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“Fungi - The Original Network” by Kim Traverse

  • The Cascade Room, The Mountaineers 7700 Sand Point Way Northeast Seattle, WA, 98115 United States (map)

It is beginning to seem that beyond the individual interactions between different fungi and different plants, there are also interconnections across many levels of taxa with fungi providing the network. This looks like a form of cooperation and probably information processing too. Maybe the World Wide Web has been around longer than we thought! Almost all life on Earth depends ultimately on Plants but there is strong evidence that plants only ‘crawled’ out of the oceans with the help of fungi. Most of what is going on is happening at a scale too small for direct observation by humans and we have normed the small range that we can notice. Differences in scale have profound effects on how everything behaves and our intuition can lead us astray when we consider the microscopic universe that fungi inhabit. Plus, new discoveries are not always merely additive- sometimes they suggest we re-evaluate much of what we were sure of. For instance; the very concept of an individual organism is being assailed by new evidence from genetic sequencing and population ecology. If a tablespoon of soil can contain eight miles of fungi hyphae, what is all that stuff up too?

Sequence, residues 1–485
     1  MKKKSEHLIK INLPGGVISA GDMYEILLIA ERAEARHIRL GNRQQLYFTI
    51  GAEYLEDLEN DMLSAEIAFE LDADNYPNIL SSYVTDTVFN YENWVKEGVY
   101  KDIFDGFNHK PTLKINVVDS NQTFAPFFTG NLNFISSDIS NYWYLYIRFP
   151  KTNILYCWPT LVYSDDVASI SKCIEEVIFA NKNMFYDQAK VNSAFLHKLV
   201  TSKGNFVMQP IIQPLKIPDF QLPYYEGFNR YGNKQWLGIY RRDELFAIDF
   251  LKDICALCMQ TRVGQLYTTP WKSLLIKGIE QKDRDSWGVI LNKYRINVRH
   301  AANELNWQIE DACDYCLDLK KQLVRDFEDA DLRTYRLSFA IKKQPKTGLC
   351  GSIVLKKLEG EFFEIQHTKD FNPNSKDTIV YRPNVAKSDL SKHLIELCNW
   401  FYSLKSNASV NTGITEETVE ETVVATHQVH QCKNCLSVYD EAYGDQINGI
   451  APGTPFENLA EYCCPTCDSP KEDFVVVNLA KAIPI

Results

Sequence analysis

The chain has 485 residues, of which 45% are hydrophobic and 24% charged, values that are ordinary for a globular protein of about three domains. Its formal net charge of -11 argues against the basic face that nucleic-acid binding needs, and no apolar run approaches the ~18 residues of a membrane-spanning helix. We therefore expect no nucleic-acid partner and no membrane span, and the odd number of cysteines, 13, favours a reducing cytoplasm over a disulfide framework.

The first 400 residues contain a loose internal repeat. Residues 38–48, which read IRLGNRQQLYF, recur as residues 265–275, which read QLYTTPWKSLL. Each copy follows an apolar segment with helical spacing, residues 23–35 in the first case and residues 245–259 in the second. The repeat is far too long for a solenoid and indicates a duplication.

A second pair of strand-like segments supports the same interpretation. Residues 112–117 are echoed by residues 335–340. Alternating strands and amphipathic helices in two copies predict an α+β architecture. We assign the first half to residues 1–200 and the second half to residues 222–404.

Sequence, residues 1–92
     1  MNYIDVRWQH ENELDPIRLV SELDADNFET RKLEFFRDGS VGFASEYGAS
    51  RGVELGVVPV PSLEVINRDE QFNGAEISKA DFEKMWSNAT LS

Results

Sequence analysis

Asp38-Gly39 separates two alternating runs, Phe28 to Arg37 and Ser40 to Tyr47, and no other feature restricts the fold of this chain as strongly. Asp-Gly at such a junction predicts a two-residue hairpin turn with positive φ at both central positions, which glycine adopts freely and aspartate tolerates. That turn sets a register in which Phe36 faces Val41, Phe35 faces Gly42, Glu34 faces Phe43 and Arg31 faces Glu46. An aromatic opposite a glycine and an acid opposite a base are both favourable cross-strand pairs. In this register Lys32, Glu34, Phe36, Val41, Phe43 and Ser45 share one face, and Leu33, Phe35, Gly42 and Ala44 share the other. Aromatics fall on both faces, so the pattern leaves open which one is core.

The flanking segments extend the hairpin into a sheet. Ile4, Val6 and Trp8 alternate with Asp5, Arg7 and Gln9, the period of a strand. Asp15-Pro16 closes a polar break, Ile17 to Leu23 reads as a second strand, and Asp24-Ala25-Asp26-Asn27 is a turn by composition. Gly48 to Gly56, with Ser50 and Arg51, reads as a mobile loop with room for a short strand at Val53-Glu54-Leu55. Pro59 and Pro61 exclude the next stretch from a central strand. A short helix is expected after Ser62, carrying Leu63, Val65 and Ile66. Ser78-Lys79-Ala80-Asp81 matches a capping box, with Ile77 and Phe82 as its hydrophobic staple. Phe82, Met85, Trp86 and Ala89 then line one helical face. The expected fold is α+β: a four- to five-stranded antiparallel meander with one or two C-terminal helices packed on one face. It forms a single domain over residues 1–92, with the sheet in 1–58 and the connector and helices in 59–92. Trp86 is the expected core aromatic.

Kim Traverse has been President of The Puget Sound Mycological Society for the past 3 years. He has been paying attention to and eating wild mushrooms for 45 years but native plants are his first love. Kim is a self-taught naturalist, his grandmother showed him his first wildflowers and birds. Most of his field experience was garnered volunteering for and serving on the boards of the Michigan Nature Association and The Southwest Michigan Land Conservancy which he helped found. He strongly believes that in addition to the specific missions of organizations like PSMS, WNPS, Audubon, and The Mountaineers, their most important role is getting people connected to the natural world.

Doors open at 6:00 PM for the Native Plant Identification Workshop; Program begins at 7:00 PM.

Refreshments, Public Invited, Admission is Free